or Ukrainian, we all shared the common mythology of the dangerous, wild, and
life threatening wilderness.
That myth is embodied in the bush
pilot. The bush pilot is the rugged individual, who strikes out each day
from the protection of civilization to face the wilderness alone. He is the
epitome of man in harmony with the machine battling the elements; man
In the first excerpt out of
Robert Grant's book that I have titled The First
Flight, we feel the terrible isolation of a new pilot trying to
break into the cult of the "bush pilot's" world. The world of one
man, one machine, against all nature. The world where the pilot is alone and
left to his own resources. Only begrudgingly and with a snicker do the
seasoned veterans offer the slightest semblance of help.
The bush pilot philosophy is
simply that if the newcomer cannot make it on his own, he will not make it
at all. It is only through sheer determination, skill, and a lot of luck,
that the new pilot will survive in the bleak and hostile northern landscape
that spreads out below his aircraft. With survival, however, comes freedom.
Out of the forts and into the skies, the bush pilot was the first to
experience the joy and freedom of being able to pass the world over as an
unfettered and omnipresent observer of the landscape and the world below.
and Review by John S Goulet
In the second
story, which I titled Many Died in the North,
Robert Grant again faces the prospects of pitting man and machine against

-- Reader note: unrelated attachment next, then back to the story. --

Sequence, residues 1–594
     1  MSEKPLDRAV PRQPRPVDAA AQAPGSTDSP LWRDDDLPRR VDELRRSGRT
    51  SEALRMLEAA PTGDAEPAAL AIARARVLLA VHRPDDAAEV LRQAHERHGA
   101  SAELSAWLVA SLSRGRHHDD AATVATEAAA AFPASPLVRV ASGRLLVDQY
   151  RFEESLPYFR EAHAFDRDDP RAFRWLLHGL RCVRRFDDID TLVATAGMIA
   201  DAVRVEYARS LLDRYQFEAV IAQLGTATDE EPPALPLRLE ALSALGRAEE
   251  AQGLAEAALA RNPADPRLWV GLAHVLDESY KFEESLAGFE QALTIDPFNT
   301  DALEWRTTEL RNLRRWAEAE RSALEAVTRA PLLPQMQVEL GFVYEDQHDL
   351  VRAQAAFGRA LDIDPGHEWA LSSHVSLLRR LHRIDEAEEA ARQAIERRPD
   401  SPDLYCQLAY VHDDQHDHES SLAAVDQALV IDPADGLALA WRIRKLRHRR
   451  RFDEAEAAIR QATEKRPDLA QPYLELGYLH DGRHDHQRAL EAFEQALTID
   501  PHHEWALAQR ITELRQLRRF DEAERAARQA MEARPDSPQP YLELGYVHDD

the unforgiving landscape. As he attempts to fulfill his contract to service
geologists camped on the isolated Ellsemere Island, the bush pilot struggles
alone against the unrelenting weather and geography of place. The place
being, of course, the high arctic: an odyssey of mountains, sea, and ice.
But, even here the brute force of the landscape shows its gentler side if
only for a few moments, and the writer finds beauty and tranquillity within
the dangerous elements of the Arctic's nature.
At one point, after a treacherous
take-off and "safely in the air," Grant spots a large dark
musk-ox. The animal paws the ground in a threatening gesture, but the writer
in Grant feels empathy with the loner. "Probably ostracized from his
kind I felt sorry for him." After reading his thoughtful and soul
rendering book, we cannot help feeling the same sorrow for Grant as he
traces his search for meaning and fulfillment through his life as a bush
pilot. Breaking away from the myth of the rugged individual, Grant reveals
himself to be the imperfect individualist, and consequently a more humane
and sympathetic character.
We can be thankful, however, that
as a writer, Grant shares the philosophy of fellow arctic traveller, Barry
Lopez who said in his book, Arctic Dreams:
"I thought about the great desire among friends and colleagues and
travellers who meet on the road, to share what they know, what they have
seen and imagined. Not to have a shared understanding, but to share what one
has come to understand."
In this regard, Virtual Horizons
hopes to share with you what our friends and fellow travellers have
discovered in their struggle to understand the landscapes of the
imagination. As landscape signifies a unit of human occupation, it also
signifies a unit of human memory. Flying low over the desolate and seemingly
uninhabitable landscape, Grant spots "an ancient Eskimo tent
ring." He lands to find "a pile of yellowish ivory shavings"
and a "bone-arrow shaft" left behind by an Eskimo hunter. In this
nowhere, Grant has found somewhere. From past to present, whether of glory
or terror, the landscape becomes the telling. Here, in Virtual
Horizons, the landscape of the bush pilot tells the story.
Review by John S Goulet
Begin your Robert S. Grant journey with this timeless story of bush flying:
The First Bush Flight
The second feature story taken directly out of Robert's book
is titled here:
Many Died in the North
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Last modified on April
© Virtual Horizons, 1996.